Tuesday marked the 10-year anniversary of the passing of my old boss,
Here's an extended excerpt:
-- If you had been a security policy-maker in the world's greatest power in 1900, you would have been a Brit, looking warily at your age-old enemy,
-- By 1910, you would be allied with
-- By 1920, World War I would have been fought and won, and you'd be engaged in a naval arms race with your erstwhile allies, the
-- By 1930, naval arms limitation treaties were in effect, the Great Depression was underway, and the defense planning standard said "no war for ten years."
-- Nine years later World War II had begun.
Wells keeps going, but you get the point. At any period in our lives, even modest predictions about the future are very unreliable. Outside theoretical physics, time moves in a linear, arithmetic progression: i.e., one day at a time. Life works differently. I can predict what the date will be 100 years from now with perfect accuracy, but I can't begin to tell you what life will be like.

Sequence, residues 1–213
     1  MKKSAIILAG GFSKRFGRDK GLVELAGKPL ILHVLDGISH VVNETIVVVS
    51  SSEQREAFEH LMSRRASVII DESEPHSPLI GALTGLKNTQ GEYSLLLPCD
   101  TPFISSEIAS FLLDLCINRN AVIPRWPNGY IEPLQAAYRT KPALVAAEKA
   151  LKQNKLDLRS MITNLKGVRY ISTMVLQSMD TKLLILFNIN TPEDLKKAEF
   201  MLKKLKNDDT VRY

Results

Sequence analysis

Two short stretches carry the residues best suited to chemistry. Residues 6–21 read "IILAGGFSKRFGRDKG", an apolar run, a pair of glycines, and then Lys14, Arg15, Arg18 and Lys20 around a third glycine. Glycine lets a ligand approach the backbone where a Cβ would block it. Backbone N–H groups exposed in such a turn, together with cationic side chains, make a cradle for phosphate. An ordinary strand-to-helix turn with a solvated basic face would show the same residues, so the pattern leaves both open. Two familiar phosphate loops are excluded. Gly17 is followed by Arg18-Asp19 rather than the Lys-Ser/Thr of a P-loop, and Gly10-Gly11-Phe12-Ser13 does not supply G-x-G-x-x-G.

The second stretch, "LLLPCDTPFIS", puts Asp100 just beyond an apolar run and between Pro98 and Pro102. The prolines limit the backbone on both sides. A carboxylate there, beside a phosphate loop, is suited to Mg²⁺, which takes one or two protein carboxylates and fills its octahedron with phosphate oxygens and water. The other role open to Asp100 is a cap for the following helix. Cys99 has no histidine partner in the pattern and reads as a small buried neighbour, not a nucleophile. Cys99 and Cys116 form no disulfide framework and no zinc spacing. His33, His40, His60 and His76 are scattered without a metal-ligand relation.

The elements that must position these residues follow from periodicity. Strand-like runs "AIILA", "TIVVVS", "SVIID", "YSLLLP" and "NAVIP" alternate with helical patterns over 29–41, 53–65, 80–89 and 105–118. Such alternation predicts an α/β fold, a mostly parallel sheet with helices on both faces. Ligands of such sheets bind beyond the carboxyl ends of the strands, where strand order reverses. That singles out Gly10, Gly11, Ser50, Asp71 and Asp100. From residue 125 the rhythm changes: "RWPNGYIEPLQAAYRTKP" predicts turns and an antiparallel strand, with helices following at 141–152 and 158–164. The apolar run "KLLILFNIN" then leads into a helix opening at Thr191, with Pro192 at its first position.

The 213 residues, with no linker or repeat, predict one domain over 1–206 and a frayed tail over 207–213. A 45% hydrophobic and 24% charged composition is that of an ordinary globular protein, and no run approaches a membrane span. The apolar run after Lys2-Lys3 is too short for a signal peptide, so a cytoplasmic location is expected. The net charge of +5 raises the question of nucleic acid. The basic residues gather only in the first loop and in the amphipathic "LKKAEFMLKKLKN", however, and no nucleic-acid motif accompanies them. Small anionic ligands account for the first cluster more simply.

And yet, many people make straight-line projections about politics, technology and all manner of things. "Trend X has been going in this direction for the last few years," people say, "so trend X will continue inexorably into the future." (OK, few people actually say it like that, but you get the point.) Intellectuals are often guilty of this kind of thinking, partly because they make a living looking for patterns and trends.
Writing in 1946, George Orwell argued that reflexive belief in the "continuation of the thing that is happening" amounts to a kind of "power worship." At various times, everyone was sure the
Sometimes people put their faith less in the idea of power and more in the power of an idea, convincing themselves that there is an unseen algorithm guiding events. Marxism was a classic version of this. The impersonal forces of the universe guaranteed that utopian communism was the last exit of history.
But other ideas have similar power. When Orwell wrote "1984," it was widely believed that the state -- Big Brother -- would use technology to oppress people. Later, people became convinced that technology would keep Big Brother at bay by liberating people. With the rise of the internet, this idea has taken hold in much of the West. The truth is that neither proposition is an iron law. Technology helped spread the Arab Spring, but it is also helping
Shortly after the fall of the
Which brings me back to
The passage, widely misunderstood, contained a powerful insight: We cannot outsource life to the clockwork of the universe. There is no teleology, no "right side of history." We make the world we want to live in, and we have a responsibility to do that work. Bill's friend